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By Monica Alba and Associated Press

President Donald Trump told the wife of Venezuela's opposition leader that he's with them "100 percent" and that "Russia needs to get out" of Venezuela.

Trump answered a reporter's question about Russia's actions in Venezuela as he stood next to Fabiana Rosales, the wife of opposition leader Juan Guaidó. Rosales came to Washington to drum up support for her husband, who declared himself Venezuela's interim president in late January. He was serving as the president of Venezuela's Congress, and said the constitution allowed him to form a transitional government because Maduro had been re-elected in a sham vote last year.

The political challenge turned Guaidó into an instant target of the Maduro administration, which accused him of organizing violent protests and quickly put him under a travel ban.

"Today, in Venezuela it's freedom or dictatorship, life or death," she told reporters.

She added that "those who are paying the price of this hate are the children, dying in hospitals." She said people have no food and 80 percent of the population is without power.

On Thursday, Rosales is scheduled to have a private meeting with first lady Melania Trump in Mar-a-Lago in Palm Beach, Florida.

Rosales, who also met with Vice President Mike Pence at the White House, has emerged as a powerful presence on the international scene.

In a recent tour of Latin American countries to solicit support for Venezuela's opposition, Rosales' age (she is 26) and informal dress — often jeans — belie an inner toughness and maturity cultivated with her activist husband during violent street protests in Venezuela's capital.

"Look, I am the wife of President Juan Guaidó and I will accompany him on whatever route he takes and we will overcome whatever obstacles we face as we have done through all our years together," Rosales said during an interview in Perú's capital of Lima. "But I got involved in politics because I want to change my country."

"I don't want my daughter to grow up wanting to leave Venezuela," she said, a reference to the roughly 3 million Venezuelans who have fled their country amid a collapsing economy, hyperinflation and shortages of food and medicines, and now blackouts.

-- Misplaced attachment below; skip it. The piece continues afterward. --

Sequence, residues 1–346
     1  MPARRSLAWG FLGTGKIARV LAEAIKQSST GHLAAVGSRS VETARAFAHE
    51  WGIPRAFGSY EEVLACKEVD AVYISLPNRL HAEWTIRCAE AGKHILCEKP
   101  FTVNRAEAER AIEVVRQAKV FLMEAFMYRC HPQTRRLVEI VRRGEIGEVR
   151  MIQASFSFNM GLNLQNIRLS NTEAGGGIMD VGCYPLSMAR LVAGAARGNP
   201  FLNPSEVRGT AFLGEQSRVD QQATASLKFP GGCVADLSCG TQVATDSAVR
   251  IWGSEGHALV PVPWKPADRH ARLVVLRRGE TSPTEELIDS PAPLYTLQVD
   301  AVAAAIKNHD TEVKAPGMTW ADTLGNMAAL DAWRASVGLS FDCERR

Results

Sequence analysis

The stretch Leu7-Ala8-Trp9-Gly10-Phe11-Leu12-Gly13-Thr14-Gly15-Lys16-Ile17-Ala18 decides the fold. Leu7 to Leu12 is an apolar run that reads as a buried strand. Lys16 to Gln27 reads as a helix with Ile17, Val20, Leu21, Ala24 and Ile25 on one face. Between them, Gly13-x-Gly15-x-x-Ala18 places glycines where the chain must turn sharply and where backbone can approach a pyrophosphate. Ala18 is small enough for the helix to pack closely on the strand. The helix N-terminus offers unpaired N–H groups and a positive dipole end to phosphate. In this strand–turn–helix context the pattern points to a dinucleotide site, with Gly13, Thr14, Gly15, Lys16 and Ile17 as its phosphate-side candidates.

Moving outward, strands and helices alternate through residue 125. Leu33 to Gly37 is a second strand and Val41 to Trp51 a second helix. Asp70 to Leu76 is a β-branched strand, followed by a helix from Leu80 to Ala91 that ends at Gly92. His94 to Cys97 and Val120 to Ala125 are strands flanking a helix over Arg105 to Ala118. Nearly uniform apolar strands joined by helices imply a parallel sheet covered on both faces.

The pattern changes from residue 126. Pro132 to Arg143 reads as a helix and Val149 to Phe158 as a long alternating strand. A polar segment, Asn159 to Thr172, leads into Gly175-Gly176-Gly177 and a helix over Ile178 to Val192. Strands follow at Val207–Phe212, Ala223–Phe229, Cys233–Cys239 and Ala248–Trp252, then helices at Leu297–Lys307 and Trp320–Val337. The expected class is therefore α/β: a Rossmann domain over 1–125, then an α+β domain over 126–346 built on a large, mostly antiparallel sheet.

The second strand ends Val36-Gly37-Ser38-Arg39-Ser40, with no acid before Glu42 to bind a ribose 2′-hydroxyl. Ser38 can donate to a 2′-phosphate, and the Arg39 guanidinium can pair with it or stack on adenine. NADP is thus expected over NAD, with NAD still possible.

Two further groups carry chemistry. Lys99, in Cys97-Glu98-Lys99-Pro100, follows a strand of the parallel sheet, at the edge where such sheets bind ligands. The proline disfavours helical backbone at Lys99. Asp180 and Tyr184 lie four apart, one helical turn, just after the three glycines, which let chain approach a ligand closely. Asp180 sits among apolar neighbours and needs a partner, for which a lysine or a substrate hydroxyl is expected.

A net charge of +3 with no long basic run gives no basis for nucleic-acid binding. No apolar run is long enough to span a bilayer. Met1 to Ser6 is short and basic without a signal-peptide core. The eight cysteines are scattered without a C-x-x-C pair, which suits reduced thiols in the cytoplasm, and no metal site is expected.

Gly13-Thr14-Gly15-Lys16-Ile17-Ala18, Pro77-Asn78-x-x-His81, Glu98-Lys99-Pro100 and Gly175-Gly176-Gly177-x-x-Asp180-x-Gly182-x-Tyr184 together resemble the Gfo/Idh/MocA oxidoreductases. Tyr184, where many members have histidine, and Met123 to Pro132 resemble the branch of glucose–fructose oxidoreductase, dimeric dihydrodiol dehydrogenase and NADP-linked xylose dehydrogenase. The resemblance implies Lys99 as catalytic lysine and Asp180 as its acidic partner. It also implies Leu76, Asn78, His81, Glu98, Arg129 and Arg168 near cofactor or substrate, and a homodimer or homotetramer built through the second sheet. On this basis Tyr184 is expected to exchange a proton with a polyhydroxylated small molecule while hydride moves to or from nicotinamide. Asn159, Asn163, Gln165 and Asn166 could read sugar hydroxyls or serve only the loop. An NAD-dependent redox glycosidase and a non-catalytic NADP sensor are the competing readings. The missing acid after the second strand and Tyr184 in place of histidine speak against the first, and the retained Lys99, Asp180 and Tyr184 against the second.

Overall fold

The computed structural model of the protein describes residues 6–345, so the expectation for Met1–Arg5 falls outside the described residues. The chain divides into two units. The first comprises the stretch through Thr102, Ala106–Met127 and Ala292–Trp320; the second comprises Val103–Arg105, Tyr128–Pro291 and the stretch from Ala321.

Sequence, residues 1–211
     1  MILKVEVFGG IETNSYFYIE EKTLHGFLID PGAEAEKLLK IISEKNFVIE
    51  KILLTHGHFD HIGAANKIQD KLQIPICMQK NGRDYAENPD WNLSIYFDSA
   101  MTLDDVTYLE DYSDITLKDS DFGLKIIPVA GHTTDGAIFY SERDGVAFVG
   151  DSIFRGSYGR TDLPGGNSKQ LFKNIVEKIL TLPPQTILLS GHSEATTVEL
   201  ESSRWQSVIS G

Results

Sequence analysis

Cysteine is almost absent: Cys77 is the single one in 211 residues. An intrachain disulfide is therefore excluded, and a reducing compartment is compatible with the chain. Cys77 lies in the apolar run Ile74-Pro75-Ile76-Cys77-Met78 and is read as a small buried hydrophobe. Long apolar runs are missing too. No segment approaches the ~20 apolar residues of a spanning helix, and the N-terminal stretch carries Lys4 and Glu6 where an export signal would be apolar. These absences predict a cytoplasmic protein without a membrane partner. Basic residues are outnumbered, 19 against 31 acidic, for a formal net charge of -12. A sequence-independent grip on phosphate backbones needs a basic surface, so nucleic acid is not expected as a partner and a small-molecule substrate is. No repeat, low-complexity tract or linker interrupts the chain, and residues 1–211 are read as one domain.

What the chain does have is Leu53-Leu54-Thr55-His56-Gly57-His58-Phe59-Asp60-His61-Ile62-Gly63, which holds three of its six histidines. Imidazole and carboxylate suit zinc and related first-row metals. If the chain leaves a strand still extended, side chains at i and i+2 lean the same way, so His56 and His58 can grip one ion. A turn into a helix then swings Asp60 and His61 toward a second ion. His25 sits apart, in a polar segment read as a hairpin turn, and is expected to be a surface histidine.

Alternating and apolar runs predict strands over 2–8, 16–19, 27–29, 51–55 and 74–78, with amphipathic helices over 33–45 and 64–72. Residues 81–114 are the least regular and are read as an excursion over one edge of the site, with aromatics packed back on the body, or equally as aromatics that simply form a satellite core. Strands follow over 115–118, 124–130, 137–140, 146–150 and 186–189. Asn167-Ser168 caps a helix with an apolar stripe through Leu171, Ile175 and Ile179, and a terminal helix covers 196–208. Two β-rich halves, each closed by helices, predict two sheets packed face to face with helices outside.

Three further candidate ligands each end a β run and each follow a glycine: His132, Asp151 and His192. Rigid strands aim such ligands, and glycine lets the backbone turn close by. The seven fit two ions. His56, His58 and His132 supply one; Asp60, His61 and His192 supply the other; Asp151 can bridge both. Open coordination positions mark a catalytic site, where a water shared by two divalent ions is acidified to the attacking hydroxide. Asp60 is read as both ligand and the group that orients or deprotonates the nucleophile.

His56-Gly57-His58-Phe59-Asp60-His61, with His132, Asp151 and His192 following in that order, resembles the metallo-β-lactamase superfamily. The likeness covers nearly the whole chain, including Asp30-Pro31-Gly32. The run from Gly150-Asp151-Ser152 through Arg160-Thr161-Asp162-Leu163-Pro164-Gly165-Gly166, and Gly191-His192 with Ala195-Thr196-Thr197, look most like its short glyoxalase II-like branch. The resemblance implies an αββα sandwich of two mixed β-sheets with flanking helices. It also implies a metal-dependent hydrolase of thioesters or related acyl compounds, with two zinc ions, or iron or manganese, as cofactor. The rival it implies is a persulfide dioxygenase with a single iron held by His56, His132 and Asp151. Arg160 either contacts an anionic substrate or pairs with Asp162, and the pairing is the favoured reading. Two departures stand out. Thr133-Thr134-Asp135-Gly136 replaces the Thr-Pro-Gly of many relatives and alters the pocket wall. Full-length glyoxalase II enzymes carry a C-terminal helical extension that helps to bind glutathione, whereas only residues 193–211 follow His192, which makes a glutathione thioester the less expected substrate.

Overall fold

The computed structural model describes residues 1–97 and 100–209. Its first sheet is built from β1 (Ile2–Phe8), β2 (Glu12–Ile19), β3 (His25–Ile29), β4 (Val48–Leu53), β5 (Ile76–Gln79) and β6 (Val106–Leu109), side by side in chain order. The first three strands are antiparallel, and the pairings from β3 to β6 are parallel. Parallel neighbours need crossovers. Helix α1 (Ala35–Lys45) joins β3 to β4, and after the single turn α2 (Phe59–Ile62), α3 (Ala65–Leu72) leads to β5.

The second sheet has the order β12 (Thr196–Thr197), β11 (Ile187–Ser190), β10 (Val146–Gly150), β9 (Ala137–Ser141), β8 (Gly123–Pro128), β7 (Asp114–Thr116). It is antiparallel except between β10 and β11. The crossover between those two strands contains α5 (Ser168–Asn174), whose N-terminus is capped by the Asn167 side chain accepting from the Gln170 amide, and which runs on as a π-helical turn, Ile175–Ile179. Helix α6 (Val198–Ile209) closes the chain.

As Guaidó, who is 35, leads efforts to remove Maduro through protests at home and by trying to persuade Venezuela's military to abandon the socialist leader, Rosales is visiting different countries to rally support for her country's beleaguered opposition with highly publicized tours.

This month she traveled to Perú and Chile, where she met with the presidents of both countries, and spoke in universities about Venezuela's humanitarian crisis.

Rosales met her husband at a youth rally for Voluntad Popular, an opposition party she has worked with since her university years. She has become a household name in Venezuela in recent months, standing at Guaidó's side in rallies attended by thousands. Recently, she has also taken on the role of international ambassador for Venezuela's opposition, as Guaidó becomes bogged down in domestic affairs.

Venezuela's first-lady-in-waiting has helped her husband look more presidential, says Dimitris Pantoulas, a Caracas-based political analyst.

"She is a professional, young, educated woman, and to a certain extent she is conservative," Pantoulas said. "That image corresponds to (Venezuelan) stereotypes of what a presidential couple should look like, especially for those in the middle classes."

In the interview, Rosales say that her "most important role is to be a mother, and I'm also a sister and wife."

Guaidó snuck out of Venezuela for a one-week tour of South America, in which he led a failed effort to move several tons of food and medicine into the country. But upon returning he has focused most of his energy on sustaining his movement, which has lost some of its momentum, as Maduro remains in power and Venezuelans focus on the difficult task of surviving.

In her recent trips abroad, Rosales has met with large crowds of Venezuelan migrants, urging them to keep their faith in Guaidó and telling regional leaders that "a dictator" like Maduro does not fall in a matter of days. She says the Venezuelan opposition is making progress, designating ambassadors around the world, and recovering control of Venezuelan oil assets abroad with the help of the United States.

Rosales' opponents have cast her recent tour as a desperate attempt to keep Guaidó in the international spotlight, as the Venezuelan crisis drags on and the world's attention moves elsewhere.

"She is trying to boost Guaidó's image, as support for his movement in Venezuela deflates," Arevalo Mendez, Maduro's ambassador to Chile, told a local news outlet last week.

The daughter of a journalist and a farmer from the rural state of Mérida, Rosales says she became interested in social issues early as she accompanied her mother to interviews.

She decided to follow in her mother's footsteps and study journalism, but also helped her father transport his crops to Caracas along roads where he was sometimes shaken down by corrupt military guards.

Rosales says she has gone through many of the travails currently faced by Venezuelans, including the harrowing medicine shortages.

Her father died in 2013, after suffering a heart attack. He could have survived, Rosales said, but there was no medicine in his village to stabilize him, and no ambulance to take him to the nearest hospital.

"I spent a lot of time in pain, wondering why this had happened to me," she said. "But now I have taken this as a lesson from life. And I am working for my daughter to inherit a better country."

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